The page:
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Development of an inventory to assess coping skills among PTSD diagnosed combat veterans
Many researchers believe that Posttraumatic Stress Disorder (PTSD) may be a chronic condition, and that effective treatment must involve teaching the patient coping skills to manage his or her symptoms. The importance of such skills is also suggested by reviews of treatment programs designed for this disorder: They typically direct intervention toward the development of skills to cope with PTSD as well as to the underlying symptomology. The present study describes the initial stages in the development of the PTSD Coping Inventory (PCI); a tool for evaluating the acquisition of coping skills specific to combat related PTSD. In Phase I of this study a previously developed 50-item PTSD coping inventory was refined and reduced using data from a sample of 121 PTSD diagnosed veterans. Phase II consisted of re-administering the resulting 35-item inventory to a sample of 90 PTSD diagnosed combat veterans. Additional data reduction resulted in a 24-item inventory for which psychometric properties were examined. The measure as a whole yielded adequate reliability and correlated predictably with a number of related measures. While additional refinement of the scale is suggested—including further examination of the underlying factor structure—the PCI shows promise as a psychometrically sound instrument for measuring PTSD coping skills in combat veterans. ^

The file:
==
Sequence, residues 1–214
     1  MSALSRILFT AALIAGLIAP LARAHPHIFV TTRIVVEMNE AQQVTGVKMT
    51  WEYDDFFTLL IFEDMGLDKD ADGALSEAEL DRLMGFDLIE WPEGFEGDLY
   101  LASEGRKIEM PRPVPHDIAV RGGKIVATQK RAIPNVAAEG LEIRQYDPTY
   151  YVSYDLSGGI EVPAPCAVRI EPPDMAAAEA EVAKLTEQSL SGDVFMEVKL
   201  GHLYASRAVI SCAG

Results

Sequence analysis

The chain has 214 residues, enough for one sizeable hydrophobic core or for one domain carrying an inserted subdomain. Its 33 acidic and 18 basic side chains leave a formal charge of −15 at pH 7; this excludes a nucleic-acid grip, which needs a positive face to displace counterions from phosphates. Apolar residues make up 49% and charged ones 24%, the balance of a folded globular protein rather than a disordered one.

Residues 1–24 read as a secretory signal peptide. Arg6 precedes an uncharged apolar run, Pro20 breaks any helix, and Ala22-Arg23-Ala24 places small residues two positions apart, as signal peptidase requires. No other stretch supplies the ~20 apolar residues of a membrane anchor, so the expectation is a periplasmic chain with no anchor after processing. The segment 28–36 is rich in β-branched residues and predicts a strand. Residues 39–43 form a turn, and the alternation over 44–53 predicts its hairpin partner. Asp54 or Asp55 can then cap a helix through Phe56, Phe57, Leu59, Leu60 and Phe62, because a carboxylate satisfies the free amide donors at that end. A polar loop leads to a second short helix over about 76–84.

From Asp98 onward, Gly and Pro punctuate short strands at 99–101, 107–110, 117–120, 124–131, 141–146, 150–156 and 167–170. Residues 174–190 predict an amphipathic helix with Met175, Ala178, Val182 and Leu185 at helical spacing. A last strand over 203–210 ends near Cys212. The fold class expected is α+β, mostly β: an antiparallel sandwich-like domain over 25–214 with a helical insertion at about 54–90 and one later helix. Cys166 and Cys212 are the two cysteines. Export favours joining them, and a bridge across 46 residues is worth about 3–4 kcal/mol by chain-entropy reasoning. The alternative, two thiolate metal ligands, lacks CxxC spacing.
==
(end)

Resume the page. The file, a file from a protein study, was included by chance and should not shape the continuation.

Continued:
Sandra L Hunt,
"Development of an inventory to assess coping skills among PTSD diagnosed combat veterans"
(January 1, 2001).
Electronic Doctoral Dissertations for UMass Amherst.